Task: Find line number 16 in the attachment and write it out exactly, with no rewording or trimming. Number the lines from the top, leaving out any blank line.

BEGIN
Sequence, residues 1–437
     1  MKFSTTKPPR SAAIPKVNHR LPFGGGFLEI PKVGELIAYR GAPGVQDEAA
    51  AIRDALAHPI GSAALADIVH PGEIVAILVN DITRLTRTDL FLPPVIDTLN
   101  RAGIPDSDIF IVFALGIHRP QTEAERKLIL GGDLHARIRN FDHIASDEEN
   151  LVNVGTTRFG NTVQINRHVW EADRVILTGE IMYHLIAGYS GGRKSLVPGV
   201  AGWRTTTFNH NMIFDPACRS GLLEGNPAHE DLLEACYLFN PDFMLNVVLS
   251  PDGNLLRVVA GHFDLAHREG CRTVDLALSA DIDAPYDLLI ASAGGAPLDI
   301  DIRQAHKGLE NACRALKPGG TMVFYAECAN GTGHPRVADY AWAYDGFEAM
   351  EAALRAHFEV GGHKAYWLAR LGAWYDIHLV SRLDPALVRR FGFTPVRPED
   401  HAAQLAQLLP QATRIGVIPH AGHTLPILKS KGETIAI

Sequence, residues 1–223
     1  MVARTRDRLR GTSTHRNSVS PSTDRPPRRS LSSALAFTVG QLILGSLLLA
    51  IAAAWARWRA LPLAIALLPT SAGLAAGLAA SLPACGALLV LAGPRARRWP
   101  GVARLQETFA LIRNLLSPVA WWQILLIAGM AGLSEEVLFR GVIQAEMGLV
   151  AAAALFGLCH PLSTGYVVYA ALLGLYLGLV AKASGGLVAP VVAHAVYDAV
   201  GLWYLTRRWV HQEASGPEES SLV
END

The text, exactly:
   201  GLWYLTRRWV HQEASGPEES SLV